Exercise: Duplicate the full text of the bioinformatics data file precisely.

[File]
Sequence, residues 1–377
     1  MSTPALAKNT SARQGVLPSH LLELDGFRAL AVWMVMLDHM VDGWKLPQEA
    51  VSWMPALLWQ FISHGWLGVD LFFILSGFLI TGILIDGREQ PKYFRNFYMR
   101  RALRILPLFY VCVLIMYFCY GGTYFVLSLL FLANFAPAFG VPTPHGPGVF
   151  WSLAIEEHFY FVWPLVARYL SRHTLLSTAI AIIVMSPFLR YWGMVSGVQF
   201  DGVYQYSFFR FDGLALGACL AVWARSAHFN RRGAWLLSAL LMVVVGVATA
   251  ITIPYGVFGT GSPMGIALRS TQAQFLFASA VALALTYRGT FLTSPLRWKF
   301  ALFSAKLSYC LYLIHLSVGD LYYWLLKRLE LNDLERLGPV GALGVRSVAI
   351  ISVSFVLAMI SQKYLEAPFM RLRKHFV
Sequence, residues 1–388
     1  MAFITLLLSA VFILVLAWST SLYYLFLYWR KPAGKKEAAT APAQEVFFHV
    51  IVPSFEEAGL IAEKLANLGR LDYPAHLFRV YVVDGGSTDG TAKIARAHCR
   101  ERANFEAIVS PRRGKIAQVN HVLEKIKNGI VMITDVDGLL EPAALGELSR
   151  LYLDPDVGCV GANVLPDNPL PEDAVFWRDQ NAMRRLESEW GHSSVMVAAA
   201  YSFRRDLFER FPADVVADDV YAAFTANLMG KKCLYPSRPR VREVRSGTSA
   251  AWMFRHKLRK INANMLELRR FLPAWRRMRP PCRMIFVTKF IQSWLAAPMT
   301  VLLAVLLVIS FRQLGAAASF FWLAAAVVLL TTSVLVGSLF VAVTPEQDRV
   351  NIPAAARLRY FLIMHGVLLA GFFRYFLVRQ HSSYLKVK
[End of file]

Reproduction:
Sequence, residues 1–377
     1  MSTPALAKNT SARQGVLPSH LLELDGFRAL AVWMVMLDHM VDGWKLPQEA
    51  VSWMPALLWQ FISHGWLGVD LFFILSGFLI TGILIDGREQ PKYFRNFYMR
   101  RALRILPLFY VCVLIMYFCY GGTYFVLSLL FLANFAPAFG VPTPHGPGVF
   151  WSLAIEEHFY FVWPLVARYL SRHTLLSTAI AIIVMSPFLR YWGMVSGVQF
   201  DGVYQYSFFR FDGLALGACL AVWARSAHFN RRGAWLLSAL LMVVVGVATA
   251  ITIPYGVFGT GSPMGIALRS TQAQFLFASA VALALTYRGT FLTSPLRWKF
   301  ALFSAKLSYC LYLIHLSVGD LYYWLLKRLE LNDLERLGPV GALGVRSVAI
   351  ISVSFVLAMI SQKYLEAPFM RLRKHFV
Sequence, residues 1–388
     1  MAFITLLLSA VFILVLAWST SLYYLFLYWR KPAGKKEAAT APAQEVFFHV
    51  IVPSFEEAGL IAEKLANLGR LDYPAHLFRV YVVDGGSTDG TAKIARAHCR
   101  ERANFEAIVS PRRGKIAQVN HVLEKIKNGI VMITDVDGLL EPAALGELSR
   151  LYLDPDVGCV GANVLPDNPL PEDAVFWRDQ NAMRRLESEW GHSSVMVAAA
   201  YSFRRDLFER FPADVVADDV YAAFTANLMG KKCLYPSRPR VREVRSGTSA
   251  AWMFRHKLRK INANMLELRR FLPAWRRMRP PCRMIFVTKF IQSWLAAPMT
   301  VLLAVLLVIS FRQLGAAASF FWLAAAVVLL TTSVLVGSLF VAVTPEQDRV
   351  NIPAAARLRY FLIMHGVLLA GFFRYFLVRQ HSSYLKVK